Shaina Brown

All the warm colours of summer in June: an article on colourism

CaribbeanSpyce -

Tags: Beauty, Life, Caribbean People

All the warm colours of summer in June: an article on colourism


I had something else planned for this month but in light of BLM, we’re sticking to topic.

Colourism is define as:

A form of prejudice or discrimination usually from members of the same race in which people are treated differently based on the social implications from cultural meanings attached to skin color.

Trinidad and Tobago unfortunately has a lot of colourism.

I once had a 17 year old, dark skin, kinky hair girl say to me, "There is a totem pole."

Light skin girl with loose curls or straight hair.
Foreigners that look exotic.
Light skin girl with kinky hair.
Light skin Indian girl.
Brown skin Indian girl with thicc body and medium brown skin mixed girls with loose curls.
Dark skin Indian and black girls.

"I am a dark skin girl with kinky hair, people rarely give me the time of day."

That broke my heart and it has stayed with me for years.
Now, I don’t know if I agree exactly with the order but I do agree that light skinned women are at the top and dark skin women are bottom in the eyes of society.

The most I can do with the article is bring awareness. I wish I had a conclusion and solution to fix this but I am one person. This requires a societal movement and change in mentality.

I’m medium. I have looseish curls. I’m obviously mixed and can sometimes be pegged as exotic. I’ve experienced both ends of the spectrum. I’ve experienced the unjust advantages of being light skin and the unjust disadvantages of being dark skin. It depends on the persons perspective of if I’m light or dark.

I’ve lost opportunities because of the colour of my skin. I’ve had men fetishize me and some have even said I’m not their type because their type is a “reds.” I’ve experienced both ends and when I’ve received the privilege of light skin, I’ve felt the pain of the rejection of dark skin.

It’s unfair. It’s disgusting. It’s depreciating. I can go on.

Why should the value of a woman or man be determined by the colour of their skin?

In reality, attraction matters. I agree, you need to be attracted to someone to fall for them. However, what is a problem, is using skin colour as a measure of attractiveness (or even race but that’s another topic). If a persons face/body is beautiful to you, that should be your only criteria for attraction. Not the colour of their skin.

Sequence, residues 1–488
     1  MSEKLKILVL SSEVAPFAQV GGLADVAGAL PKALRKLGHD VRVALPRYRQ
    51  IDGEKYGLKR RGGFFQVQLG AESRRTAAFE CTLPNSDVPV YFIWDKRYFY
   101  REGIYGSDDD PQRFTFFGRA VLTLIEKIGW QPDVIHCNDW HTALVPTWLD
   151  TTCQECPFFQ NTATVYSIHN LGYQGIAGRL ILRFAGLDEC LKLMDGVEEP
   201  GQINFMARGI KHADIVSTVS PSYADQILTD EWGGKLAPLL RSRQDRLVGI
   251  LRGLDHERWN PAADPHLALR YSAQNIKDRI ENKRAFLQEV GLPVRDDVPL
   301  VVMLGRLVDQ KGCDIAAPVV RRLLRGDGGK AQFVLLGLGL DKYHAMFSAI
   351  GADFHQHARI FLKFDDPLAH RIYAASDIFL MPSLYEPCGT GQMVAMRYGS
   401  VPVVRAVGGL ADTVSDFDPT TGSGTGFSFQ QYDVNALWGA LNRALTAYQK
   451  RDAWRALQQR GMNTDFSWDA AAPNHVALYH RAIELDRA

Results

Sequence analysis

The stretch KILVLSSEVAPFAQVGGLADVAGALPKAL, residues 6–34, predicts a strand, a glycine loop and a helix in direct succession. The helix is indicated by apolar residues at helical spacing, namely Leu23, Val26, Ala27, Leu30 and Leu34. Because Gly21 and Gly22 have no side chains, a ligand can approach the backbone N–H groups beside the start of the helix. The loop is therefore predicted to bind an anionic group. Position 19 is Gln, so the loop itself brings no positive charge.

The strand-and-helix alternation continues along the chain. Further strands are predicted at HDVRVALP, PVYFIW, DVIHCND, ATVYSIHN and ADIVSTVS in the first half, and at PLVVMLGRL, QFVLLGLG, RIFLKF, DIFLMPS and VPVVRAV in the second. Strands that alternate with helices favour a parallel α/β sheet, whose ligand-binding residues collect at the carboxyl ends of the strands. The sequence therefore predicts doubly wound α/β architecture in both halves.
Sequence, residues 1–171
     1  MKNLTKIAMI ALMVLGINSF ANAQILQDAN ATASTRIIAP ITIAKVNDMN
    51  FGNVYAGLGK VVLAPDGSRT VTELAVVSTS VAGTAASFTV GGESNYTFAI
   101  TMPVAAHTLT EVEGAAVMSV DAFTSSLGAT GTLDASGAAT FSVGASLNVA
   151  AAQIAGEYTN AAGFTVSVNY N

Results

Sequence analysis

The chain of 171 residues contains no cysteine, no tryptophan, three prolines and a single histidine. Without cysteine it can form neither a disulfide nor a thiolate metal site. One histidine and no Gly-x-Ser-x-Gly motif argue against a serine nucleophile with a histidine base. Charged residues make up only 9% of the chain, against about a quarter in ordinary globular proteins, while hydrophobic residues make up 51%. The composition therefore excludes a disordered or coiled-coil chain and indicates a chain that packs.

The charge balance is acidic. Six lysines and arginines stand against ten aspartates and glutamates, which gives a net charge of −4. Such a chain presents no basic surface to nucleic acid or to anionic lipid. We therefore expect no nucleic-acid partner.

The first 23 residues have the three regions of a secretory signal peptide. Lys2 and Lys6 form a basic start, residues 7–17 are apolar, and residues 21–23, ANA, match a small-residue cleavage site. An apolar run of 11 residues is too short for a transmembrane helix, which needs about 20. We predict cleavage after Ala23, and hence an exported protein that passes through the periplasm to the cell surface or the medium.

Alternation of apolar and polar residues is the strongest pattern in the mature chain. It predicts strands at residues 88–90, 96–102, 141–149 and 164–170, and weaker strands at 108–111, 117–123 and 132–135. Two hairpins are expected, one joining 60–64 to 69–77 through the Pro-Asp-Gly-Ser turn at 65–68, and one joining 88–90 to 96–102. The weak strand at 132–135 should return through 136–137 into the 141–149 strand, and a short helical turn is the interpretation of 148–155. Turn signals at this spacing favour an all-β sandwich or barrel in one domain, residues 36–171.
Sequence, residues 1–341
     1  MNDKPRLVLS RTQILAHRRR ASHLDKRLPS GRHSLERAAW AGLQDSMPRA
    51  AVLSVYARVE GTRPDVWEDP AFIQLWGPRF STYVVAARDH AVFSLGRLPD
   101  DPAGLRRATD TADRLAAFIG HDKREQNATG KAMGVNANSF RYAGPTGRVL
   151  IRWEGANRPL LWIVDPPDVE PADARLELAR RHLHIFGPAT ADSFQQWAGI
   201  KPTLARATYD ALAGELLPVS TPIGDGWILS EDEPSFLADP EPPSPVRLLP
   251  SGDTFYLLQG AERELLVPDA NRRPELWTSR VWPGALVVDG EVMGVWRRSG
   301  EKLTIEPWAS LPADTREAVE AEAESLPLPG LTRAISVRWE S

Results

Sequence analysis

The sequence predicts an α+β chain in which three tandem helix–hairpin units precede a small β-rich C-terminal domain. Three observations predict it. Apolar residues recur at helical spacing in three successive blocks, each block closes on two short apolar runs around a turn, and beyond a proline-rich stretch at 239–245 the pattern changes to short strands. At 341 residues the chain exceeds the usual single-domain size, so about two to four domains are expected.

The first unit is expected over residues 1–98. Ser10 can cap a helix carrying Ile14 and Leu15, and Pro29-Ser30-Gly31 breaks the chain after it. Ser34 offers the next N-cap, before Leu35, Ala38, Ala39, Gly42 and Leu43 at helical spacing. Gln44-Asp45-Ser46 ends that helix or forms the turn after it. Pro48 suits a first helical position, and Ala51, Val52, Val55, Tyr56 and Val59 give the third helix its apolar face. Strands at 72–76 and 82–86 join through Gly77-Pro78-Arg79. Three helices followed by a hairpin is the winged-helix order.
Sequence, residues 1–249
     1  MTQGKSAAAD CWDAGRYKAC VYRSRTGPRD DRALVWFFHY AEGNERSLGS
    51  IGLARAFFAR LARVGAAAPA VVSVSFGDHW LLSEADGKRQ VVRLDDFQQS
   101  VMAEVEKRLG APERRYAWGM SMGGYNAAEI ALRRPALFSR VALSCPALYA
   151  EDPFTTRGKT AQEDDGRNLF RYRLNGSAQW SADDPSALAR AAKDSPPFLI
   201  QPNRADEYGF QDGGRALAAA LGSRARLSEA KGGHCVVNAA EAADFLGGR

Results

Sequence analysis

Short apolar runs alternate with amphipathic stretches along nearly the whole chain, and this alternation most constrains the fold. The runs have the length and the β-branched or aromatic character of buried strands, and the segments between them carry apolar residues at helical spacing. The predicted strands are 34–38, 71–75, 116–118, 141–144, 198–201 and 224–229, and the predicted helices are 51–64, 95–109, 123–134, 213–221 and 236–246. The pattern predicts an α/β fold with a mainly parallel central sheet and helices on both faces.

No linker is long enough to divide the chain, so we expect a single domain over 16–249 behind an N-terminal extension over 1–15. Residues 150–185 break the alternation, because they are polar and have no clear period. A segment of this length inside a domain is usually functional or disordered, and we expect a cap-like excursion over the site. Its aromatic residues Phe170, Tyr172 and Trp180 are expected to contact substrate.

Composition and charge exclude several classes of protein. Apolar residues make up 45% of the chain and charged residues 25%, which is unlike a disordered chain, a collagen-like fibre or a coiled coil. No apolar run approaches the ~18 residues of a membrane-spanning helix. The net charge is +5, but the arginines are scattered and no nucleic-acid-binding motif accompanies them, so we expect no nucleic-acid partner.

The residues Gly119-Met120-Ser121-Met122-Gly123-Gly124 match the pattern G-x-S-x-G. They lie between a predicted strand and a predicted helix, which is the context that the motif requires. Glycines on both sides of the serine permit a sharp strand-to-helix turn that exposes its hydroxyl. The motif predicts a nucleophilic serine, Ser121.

I’ve heard many people say, "if you paint a light skin person dark, a lot of them would not even be objectively attractive."

What that statement is saying is that, light skin is so internalized as beautiful that a person’s skin colour, if light skin, exaggerates to you their beauty. Psychologically, that’s maladaptive. You have so internalized this sick narrative that, “light skin is better,” that you see light skin and your head subconsciously and immediately turns.

Why do we as Caribbean people place on a pedestal light skin so much?

Massa was white. Massa owned our ancestors. Massa was a symbol of independence, comfortable living and essentially, happiness/freedom.

The only difference between a slave and their massa was the colour of their skin. Our ancestors became so brainwashed that they mixed up happiness/freedom with being white. When Massa had children with slaves, those children who were light skin gained more freedom/happiness than their black parent.
Again, light skin = freedom/happiness. Those children and the whites continued to reap the benefits of society.

“Light skin is better,” mentality is a result of slavery. And while we are not still enslaved, the mentality is so intricately and deeply ingrained in society...we are still enslaved.

What I’m saying to you is, WAKE UP. Search yourself and find your internalized mental slavery and work on it.

The colour of someone’s skin should not be a standard of beauty. And it should not be a criteria for you choosing someone or for you measuring your worth.

If we can all collectively work on this, we can abolish this.

Light skin people, this is not an attack on you. This is education. You have privilege. Use it to speak up for your dark skin brothers and sisters. Uplift them. Speak of their beauty. Uplifting someone doesn’t take away your spotlight. It just gives other people an opportunity to be normalized as beautiful and open them to experiences you as well have.

Dark skin people, you are beautiful. From shades of sweet molasses to deep warm cocoa, you are children of the soil, blessed and highly favoured by God and the universe. Pity the mental shackles of those who would think less of you for you rich skin. Rise above.

I’m not going to sit here and drop any mumbo jumbo about inner beauty. Inner beauty is absolutely, the first and foremost important thing but the reality is, people don’t see who you are inside first- they see what you look like. And to me, If you’re well kept, you dress suitably and take pride in your appearance (cut your nails, take care of you skin, exercise etc) that’s all that should matter. Not the colour of your skin. I cannot emphasize this enough.

Let’s break the cycle. Let us uplift each other. Let us heal the society we live in and remove the shackles that the ghost of slavery still haunts us with.


Who is the writer?

Caribbean Spyce is a proud alumni of Hillview College and graduated Bsc Psychology, First Class Honours, UWI, St. Augustine. A member of honours society, Psi Chi.
Follow her on Instagram! @caribbeanspyce

Header Photo by Clarke Sanders on Unsplash


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